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Emerging Market Exchanges Need to Enhance Liquidity

October 2016

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The market capitalization of emerging market exchanges has more than doubled over the past 15 years but the growth in liquidity has not kept pace, according to the World Federation of Exchanges.

Between 2004 and 2015 the market capitalization of emerging market exchanges increased from $3 trillion to $7.5 trillion and the annual value traded rose by two-thirds from $1.8 trillion to $3 trillion according a report from the WEF and management consulting firm Oliver Wyman. The study, Enhancing Liquidity in Emerging Market Exchanges, said growth has been uneven and has not been associated with a commensurate growth in liquidity.

“Over the same period, turnover velocity has fluctuated, reaching nearly 60% at some points but ending 2015 at just over 40%,” added the report. “Developed markets, meanwhile, were at 54% liquidity as of the end of 2015.”

Low liquidity constrains market development and the broader economy so improving the efficiency of trading, and offering better services to issuers and investors, could lead to significant indirect benefits.

The report identified three key areas that exchanges and regulators can focus on to grow liquidity – promoting the development of a diverse investor base; increasing the pool of securities and associated financial products and creating an enabling market environment. Each area has a number of corresponding liquidity levers such an encouraging international investors, launching exchange-traded funds and exchange-traded derivatives, and improving electronic trading technology.

Daniela Peterhoff, partner, global head of market infrastructure at Oliver Wyman, said in a statement: “Promoting a diverse investor base, increasing the pool of securities and investing in an enabling market environment are the three key actions points we identified to grow liquidity.”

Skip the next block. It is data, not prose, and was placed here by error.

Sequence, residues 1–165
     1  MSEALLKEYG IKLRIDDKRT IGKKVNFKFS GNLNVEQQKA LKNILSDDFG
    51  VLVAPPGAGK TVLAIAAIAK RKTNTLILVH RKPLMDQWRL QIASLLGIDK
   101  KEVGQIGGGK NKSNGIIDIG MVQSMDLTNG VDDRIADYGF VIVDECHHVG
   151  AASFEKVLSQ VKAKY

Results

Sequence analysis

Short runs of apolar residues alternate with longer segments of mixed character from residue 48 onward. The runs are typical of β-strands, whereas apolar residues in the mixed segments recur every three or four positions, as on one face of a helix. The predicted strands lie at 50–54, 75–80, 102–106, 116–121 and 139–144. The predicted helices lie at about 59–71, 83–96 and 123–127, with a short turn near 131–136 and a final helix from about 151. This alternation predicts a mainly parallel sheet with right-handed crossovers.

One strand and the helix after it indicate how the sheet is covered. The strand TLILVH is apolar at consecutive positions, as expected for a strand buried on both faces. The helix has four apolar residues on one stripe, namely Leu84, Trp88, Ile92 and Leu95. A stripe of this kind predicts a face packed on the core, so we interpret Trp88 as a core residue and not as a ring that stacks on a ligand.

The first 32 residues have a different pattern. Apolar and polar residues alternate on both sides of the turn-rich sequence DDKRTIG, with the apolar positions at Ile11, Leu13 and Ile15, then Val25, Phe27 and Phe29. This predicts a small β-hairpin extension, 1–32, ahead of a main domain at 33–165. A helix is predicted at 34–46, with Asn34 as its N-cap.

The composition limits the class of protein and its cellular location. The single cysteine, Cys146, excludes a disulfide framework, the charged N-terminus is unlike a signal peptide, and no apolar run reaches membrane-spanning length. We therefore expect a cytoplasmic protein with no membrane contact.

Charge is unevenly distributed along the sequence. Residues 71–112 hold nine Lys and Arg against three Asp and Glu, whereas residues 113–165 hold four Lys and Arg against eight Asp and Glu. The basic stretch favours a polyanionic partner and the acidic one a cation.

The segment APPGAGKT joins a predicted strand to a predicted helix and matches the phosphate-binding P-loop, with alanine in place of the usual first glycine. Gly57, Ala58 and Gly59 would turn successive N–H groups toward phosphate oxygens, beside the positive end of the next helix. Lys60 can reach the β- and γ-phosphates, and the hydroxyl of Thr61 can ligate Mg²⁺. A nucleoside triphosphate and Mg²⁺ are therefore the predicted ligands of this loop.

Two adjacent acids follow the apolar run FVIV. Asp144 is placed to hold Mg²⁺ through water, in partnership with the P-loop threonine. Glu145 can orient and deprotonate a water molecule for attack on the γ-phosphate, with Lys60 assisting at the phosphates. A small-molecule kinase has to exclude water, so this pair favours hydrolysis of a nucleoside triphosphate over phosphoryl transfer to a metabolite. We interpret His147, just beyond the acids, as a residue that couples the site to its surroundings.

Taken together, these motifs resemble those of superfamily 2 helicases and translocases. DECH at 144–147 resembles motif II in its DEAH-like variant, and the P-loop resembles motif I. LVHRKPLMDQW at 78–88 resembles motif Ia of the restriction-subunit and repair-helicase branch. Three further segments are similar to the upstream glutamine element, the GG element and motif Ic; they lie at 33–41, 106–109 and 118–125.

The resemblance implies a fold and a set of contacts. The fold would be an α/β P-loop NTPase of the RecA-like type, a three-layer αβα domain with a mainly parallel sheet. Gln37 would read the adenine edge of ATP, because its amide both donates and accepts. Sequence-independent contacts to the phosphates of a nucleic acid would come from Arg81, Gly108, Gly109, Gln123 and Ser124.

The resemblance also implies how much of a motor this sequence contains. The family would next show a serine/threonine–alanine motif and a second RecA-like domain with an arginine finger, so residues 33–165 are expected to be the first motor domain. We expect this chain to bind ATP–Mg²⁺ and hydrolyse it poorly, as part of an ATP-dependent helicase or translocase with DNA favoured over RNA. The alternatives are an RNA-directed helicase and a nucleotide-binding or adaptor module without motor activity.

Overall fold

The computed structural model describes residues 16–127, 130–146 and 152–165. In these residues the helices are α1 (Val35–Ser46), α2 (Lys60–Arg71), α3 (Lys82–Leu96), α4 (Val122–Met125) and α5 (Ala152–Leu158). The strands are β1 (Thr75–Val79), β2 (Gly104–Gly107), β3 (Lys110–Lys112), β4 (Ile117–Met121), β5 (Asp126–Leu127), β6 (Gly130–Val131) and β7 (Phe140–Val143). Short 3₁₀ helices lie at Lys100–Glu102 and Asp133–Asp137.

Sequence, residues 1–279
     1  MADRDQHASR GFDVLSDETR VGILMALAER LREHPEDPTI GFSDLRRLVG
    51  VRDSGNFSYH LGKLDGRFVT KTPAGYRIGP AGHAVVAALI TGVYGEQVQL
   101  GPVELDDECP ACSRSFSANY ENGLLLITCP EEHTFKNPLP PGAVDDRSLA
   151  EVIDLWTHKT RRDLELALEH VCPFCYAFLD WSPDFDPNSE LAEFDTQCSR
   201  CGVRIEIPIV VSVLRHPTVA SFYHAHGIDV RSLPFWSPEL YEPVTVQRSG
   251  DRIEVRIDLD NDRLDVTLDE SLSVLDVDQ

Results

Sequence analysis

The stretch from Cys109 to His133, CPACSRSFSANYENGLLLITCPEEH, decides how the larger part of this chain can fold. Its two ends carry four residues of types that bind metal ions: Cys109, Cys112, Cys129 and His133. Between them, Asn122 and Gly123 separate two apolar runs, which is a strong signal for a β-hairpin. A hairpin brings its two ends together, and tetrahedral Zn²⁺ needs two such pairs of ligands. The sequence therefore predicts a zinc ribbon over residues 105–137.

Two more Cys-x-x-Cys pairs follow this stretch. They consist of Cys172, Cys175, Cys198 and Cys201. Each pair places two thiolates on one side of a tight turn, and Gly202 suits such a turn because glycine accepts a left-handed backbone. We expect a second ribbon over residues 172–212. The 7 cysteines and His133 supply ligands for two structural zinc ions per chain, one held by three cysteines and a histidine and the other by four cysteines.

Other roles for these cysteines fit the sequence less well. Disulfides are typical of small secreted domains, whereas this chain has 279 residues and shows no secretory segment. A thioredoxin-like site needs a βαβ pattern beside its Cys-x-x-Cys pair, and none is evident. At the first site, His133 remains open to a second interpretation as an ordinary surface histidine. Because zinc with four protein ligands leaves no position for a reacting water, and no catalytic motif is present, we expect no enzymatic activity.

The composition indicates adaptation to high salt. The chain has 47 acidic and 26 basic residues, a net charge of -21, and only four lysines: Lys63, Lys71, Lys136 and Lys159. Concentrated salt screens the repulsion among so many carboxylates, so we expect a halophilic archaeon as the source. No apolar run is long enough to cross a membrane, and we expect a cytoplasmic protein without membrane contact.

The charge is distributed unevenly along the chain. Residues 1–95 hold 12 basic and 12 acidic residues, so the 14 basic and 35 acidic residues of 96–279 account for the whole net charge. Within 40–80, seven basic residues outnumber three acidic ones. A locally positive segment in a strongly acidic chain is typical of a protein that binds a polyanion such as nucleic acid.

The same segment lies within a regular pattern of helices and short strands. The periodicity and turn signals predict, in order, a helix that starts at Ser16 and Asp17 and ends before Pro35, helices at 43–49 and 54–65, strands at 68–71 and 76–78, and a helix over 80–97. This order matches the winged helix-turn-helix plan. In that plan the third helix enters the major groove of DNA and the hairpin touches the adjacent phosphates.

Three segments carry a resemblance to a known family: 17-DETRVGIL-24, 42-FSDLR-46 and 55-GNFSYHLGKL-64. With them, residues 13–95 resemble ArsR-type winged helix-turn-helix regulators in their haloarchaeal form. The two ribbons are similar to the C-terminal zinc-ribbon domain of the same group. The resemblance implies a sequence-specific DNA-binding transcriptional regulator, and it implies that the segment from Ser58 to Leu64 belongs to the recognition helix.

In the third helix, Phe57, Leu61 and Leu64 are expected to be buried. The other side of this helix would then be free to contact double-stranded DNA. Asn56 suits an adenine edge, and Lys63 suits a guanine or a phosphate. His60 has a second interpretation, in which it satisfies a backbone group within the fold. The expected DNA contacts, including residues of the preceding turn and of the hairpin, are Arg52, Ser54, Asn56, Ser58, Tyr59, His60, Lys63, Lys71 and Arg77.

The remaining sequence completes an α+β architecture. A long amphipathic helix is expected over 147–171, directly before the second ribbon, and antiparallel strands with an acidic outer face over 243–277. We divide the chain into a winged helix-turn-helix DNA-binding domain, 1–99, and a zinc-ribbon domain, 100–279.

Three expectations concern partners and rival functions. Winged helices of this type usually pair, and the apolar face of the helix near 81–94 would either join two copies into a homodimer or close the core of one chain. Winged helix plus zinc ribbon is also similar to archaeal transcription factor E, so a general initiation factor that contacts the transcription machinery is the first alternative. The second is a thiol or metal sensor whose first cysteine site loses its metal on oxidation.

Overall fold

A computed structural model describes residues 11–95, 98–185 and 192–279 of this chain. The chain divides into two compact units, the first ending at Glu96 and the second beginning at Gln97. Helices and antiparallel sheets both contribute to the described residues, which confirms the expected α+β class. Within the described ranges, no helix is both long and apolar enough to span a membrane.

The Philippine Stock Exchange is a case study in the report as turnover velocity increased from 12% to 16% between 2004 and 2015 and the total value of shares traded rose from $3.2bn to $40bn due to a number of initiatives. For example, secondary share trading on the exchange, as well as securities lending and borrowing, have been exempted from stamp duty; international corporate governance standards have been adopted and ETFs and a new real-time trading platform have been introduced.

Improvements in technology attracts investors and greater trading volume due to reduced execution costs and improved transaction speed and market transparency. Technology implementation varies between very early-stage emerging markets, focused on electronification and the dematerialization of the associated processes, and the most mature who have introduced co-location services and support for algorithmic trading firms.

For example, in Brazil, trading on BM&F Bovespa has been electronic since 2005 when floor trading was eliminated. In 2013 BM&F Bovespa introduced a new high-speed trading platform for cash equities with a trading roundtrip time of less than one millisecond, compared to 450 milliseconds in 2007. “As a result, the market has seen an exponential increase in the number of trades and lower volatility in asset prices,” said the report.

Emerging markets can also facilitate international participation through forging links with other venues, such as the Shanghai-Hong Kong Stock Connect program which launched in 2014.

The program allows investors outside mainland China to trade selected equities on the Shanghai Stock Exchange through Hong Kong brokers and for investors in mainland China to trade selected equities on the Hong Kong Stock Exchange, through members of the SSE.

“Despite predictions that the offering would result in a flood of cross-border trading activity, investment flows in both directions were still below the quota limits nearly two years after the links were established,” said the report.

The Shenzhen Stock Exchange is also being added to the Stock Connect program. Yesterday the Shenzhen Stock Exchange and Hong Kong Exchanges and Clearing Limited began their global roadshows for Shenzhen-Hong Kong Stock Connect in Hong Kong.

Wu Lijun, chairman of the Shenzhen exchange, said in a statement that Stock Connect offers unique investment opportunities for overseas investors and an international capital platform for innovative enterprises.

Charles Li, chief executive of HKEX, said in a statement: “The joint roadshows we kicked off are a major effort to promote the competitiveness of both the Hong Kong and Shenzhen markets.  Shenzhen Connect will further improve the mutual market access between the Hong Kong and Mainland markets and reinforce Hong Kong’s position as the leading offshore Renminbi asset management centre.”

 

 

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